Boating / POSTED 04-Jun-2024

Boat Ramp Etiquette: The Basics

You’ve got the boat loaded. The cooler is full of ice. Your rods are rigged and ready. 

All that stands between you and a wonderful day on the water is navigating the boat ramp. When it goes right, this is no big deal. When it turns sideways, the boat ramp is an inclined crucible marked by stress and aggravation. What follows is an overview of boat ramp etiquette. It provides a framework for making the experience of launching and trailering your boat as smooth, efficient, and stress-free as possible. It is broken down into three phases—before leaving for the ramp, launching, and landing. 


Before Leaving for the Ramp: The Prep Work
The foundations of boat ramp etiquette start before you leave your house. When you get to the ramp, you want to be sure that everything is working properly. 

Be sure that your;
  • Batteries are charged,
  • Your gas tank is full and
  • Your boat is ready for operation. 

Everyone has seen the boater who waits until the trailer is in the water to discover that the boat won’t crank. 

This is a terrible spot—and nobody wants to be that person. Not only will this ruin your day but if the ramp is busy, you’ll create a traffic jam. 


You’ll also want to make sure that you’re familiar with the ramp layout before launching. The flow of trucks and trailers varies with the number of ramps available and the number of lanes per ramp. Having a plan for where you’ll launch your boat (before you pull into the marina) can save you confusion and avoid the potential for jamming traffic. 
Not only can traffic patterns vary by marina, you’ll also want to make sure you’ll have a place to park. The same lot that is empty on a Tuesday afternoon might be jam-packed on Saturday morning.  A word on preparation. Backing a boat on a trailer can be difficult. Be sure that before it’s time to launch your boat, that you are proficient in this art. There is no shame in needing to practice, but a crowded ramp full of other boats may not be the time and place. If you need to get used to how your trailer performs, consider practicing in an empty parking lot or in your driveway. There is less pressure this way. Your goal here is to minimize your time at the ramp and to expedite the process. This starts with the ability to put your boat and trailer where you want it and being confident that your boat will start.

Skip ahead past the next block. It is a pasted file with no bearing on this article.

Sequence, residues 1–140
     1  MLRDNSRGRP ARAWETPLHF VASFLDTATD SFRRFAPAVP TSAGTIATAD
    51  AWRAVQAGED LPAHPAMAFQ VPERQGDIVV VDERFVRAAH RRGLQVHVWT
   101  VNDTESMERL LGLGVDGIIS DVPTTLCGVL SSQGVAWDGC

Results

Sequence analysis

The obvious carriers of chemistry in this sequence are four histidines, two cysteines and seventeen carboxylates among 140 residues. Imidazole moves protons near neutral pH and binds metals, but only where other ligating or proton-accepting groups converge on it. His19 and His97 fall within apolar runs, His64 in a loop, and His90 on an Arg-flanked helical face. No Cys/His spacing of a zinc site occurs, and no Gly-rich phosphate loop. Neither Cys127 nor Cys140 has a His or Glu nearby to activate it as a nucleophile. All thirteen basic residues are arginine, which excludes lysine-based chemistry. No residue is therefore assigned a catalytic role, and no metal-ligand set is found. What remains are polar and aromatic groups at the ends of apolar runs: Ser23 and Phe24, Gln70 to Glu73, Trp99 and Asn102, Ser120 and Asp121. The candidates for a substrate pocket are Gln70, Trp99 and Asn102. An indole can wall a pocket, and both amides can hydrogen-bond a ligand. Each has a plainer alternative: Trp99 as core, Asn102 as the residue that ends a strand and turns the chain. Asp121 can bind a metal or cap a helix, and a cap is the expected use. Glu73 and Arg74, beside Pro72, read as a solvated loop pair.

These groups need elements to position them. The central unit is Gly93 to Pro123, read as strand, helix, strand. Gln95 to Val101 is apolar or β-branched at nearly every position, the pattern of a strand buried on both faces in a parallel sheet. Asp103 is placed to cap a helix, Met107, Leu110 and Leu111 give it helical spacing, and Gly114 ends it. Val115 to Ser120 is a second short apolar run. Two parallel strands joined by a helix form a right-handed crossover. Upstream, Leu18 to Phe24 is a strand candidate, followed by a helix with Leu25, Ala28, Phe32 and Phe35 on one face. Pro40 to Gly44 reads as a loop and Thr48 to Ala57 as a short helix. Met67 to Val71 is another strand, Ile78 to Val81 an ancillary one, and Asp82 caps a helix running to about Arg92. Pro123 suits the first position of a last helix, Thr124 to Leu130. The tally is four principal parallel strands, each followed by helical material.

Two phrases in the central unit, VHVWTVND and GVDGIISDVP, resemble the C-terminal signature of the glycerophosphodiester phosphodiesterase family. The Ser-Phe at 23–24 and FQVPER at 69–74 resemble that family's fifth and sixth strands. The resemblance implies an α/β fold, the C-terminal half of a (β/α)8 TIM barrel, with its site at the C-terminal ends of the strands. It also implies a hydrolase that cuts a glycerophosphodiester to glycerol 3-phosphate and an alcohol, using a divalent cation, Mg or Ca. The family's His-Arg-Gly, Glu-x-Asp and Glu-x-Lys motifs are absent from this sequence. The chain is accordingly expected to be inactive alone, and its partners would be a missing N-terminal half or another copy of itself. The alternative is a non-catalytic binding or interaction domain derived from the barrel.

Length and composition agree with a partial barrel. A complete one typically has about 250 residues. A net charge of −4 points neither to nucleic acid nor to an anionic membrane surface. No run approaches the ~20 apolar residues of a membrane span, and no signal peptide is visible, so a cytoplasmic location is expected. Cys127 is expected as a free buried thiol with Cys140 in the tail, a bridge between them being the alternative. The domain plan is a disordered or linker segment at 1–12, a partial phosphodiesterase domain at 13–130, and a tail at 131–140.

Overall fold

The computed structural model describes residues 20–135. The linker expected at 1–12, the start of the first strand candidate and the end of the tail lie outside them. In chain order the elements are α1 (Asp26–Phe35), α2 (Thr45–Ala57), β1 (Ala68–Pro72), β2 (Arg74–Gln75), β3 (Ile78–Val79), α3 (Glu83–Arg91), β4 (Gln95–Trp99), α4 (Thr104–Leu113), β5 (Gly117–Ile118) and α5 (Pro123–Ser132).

The first piece of etiquette here lies in expediting your time at the ramp. You don’t need to be a NASCAR® pit crew, but you also don’t want to spend all day. When you are in the ramp, you want to be prepared. That means loading your cooler, taking off the straps, inserting your drain plug, and onboarding your gear in the staging area—before your trailer ever touches water. When you get to the ramp, just back in your trailer, unhook the winch, and offload your boat. You then want to move your vessel out of the ramp and tie up on some part of the dock that is out of the way of traffic that’s coming into or leaving the ramp. Move your truck and trailer, and park in designated area. 

You’ll finish getting your boat and crew ready from the dock, clear out of the way. Be sure not to tie up too close to the action, but rather in a part of the dock that is accessible but also out of the way. As this might involve a bit of a walk from where you parked, you’ll want to load all of the heavy stuff—coolers, etc.—at the staging area before entering the ramp. 

Here again, your goal is to minimize your time at the ramp. Pull back to the marina, select a spot of the dock that is safely out of the way of boats coming and going. Tie off your boat, offload your passengers and the person who will back the trailer down the ramp. 


When the trailer is in position, pull your boat onto it. Secure the boat with the winch. Turn off the motors and raise them (if necessary). Once the boat is on the trailer and secured with the winch, pull out of the ramp and into the staging area. 

It is here that you’ll complete the finishing touches of preparing your boat for overland transport. Secure the straps, offload your gear, ensure that nothing will fly out while driving. If you are boating in an area with invasive species, be sure to clean, drain, and dry your live wells and bilge. You’ll also want to remove any vegetation from your boat and trailer. Not only is this legally required in many places, it’s also one the best ways to prevent the spread of nuisance species.
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